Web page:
He is being courted by nearly all of the top college football programs, and he found it pretty cool be on a magazine cover. Walking the halls on the first day of school, however, provided a new sensation for Eleanor Roosevelt senior Derrick Williams, considered by some recruiting analysts to be the nation's top high school football player.

"A lot of people know me here," said Williams, who is accustomed to meeting with college coaches but seemed a little taken aback with the response of his classmates. "It seems like I'm a godfather here."

It was a rare moment for the All-Met Williams to seem surprised. After all, it was after the seventh grade that Penn State's football coaches saw how fast Williams could run the 40-yard dash and said they would have a scholarship waiting. He began preparing in ninth grade to graduate a semester early and intends on enrolling in January at the college of his choice and participating in spring practice.

Now, more than 50 colleges have offered scholarships, though Williams and his family have whittled the list to about a dozen.

Some athletes might have difficulty dealing with such a spotlight. Not Williams, who seems to thrive on it. He said watching his older brother, Domonique, go through the recruiting process before selecting North Carolina provided valuable experience. Instead of learning last season from high-profile teammates Derrick Harvey (Florida) and Trey Covington (Maryland), Williams said he was the one providing pointers.

"His determination and character are the things that impress me the most," Roosevelt Coach Rick Houchens said. It is "stuff you can talk about all the time, but [when you see] that character and leadership qualities, usually that's when you see great players. I've seen great athletes that weren't always great players because they never really developed into it."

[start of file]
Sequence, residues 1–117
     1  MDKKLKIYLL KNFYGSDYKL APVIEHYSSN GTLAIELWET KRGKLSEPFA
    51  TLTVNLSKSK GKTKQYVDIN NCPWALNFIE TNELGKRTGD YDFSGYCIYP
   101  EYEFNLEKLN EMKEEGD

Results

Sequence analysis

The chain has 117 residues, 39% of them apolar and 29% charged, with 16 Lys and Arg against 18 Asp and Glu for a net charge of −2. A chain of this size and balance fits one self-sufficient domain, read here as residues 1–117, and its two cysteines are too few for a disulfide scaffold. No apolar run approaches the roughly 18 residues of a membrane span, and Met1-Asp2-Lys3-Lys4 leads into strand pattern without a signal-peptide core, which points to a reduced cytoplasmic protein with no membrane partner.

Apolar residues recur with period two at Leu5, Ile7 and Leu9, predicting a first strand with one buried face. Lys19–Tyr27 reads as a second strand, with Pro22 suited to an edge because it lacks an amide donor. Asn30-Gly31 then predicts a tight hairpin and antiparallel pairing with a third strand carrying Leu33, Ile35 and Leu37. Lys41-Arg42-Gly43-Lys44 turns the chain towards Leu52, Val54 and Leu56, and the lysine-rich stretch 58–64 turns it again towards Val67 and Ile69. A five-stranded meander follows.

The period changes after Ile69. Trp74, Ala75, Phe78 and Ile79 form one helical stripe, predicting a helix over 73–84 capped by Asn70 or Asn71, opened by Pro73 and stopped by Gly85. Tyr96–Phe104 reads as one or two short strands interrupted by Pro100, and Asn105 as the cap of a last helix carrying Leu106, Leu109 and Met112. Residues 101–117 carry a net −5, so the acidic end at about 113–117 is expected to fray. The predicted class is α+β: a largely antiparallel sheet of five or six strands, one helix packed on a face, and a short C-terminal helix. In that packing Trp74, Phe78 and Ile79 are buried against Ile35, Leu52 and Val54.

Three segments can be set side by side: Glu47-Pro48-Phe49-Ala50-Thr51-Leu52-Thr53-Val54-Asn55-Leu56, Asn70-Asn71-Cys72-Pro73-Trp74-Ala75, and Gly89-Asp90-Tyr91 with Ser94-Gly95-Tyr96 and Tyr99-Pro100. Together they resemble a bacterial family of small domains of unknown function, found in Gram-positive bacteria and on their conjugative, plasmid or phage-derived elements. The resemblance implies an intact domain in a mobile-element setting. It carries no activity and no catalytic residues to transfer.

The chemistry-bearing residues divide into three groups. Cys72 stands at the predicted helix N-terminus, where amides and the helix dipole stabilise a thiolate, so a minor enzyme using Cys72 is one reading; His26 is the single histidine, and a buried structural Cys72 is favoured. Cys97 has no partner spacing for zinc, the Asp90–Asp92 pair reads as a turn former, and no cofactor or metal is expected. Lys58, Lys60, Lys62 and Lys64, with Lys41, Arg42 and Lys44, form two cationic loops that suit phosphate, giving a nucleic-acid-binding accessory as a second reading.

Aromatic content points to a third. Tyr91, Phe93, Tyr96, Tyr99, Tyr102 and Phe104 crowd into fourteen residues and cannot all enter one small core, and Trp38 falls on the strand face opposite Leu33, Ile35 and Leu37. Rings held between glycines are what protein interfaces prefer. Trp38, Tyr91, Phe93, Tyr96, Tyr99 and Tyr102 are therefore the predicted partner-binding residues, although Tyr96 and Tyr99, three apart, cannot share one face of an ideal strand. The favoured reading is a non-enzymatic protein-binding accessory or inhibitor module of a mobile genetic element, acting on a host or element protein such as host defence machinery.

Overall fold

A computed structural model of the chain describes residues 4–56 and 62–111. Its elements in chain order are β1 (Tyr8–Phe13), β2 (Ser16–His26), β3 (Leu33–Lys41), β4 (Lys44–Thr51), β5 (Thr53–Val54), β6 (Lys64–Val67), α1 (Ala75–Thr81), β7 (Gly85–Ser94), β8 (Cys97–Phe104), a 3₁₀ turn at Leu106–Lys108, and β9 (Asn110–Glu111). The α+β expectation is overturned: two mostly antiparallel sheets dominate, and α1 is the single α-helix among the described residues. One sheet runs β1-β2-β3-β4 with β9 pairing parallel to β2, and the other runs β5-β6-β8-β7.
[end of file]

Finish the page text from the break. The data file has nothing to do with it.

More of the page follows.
Williams, however, seems to have it all. As a junior last season he rushed for 1,362 yards and 13 touchdowns and passed for 557 yards and six touchdowns. He also was a top cornerback. In college, he might be best suited to play wide receiver, a position he should see some time at this season with the addition of quarterback Nico Scott, a transfer from Ballou.

Others to Watch:

* Davon Gray, Douglass: Not as big or fast as the person he replaces, All-Met Quinton Brown, but the junior proved his toughness in relief last season and should be ready.

* Kelvin Jones, High Point: Struggled last season, but strong-armed senior could rebound under new coach Greg Hill.

* Kevin Olive, Pallotti: Passed for 1,317 yards and 19 touchdowns as a junior last season.

* Marta Harley, Suitland: Threw eight touchdown passes last season, and his experience should be an asset for the Rams.

* Jomah Watson, Largo: Has a good arm and will be a key player for Lions' first-year coach Ray Crawford.


Some recruiting analysts consider Roosevelt's Derrick Williams the top player in the country.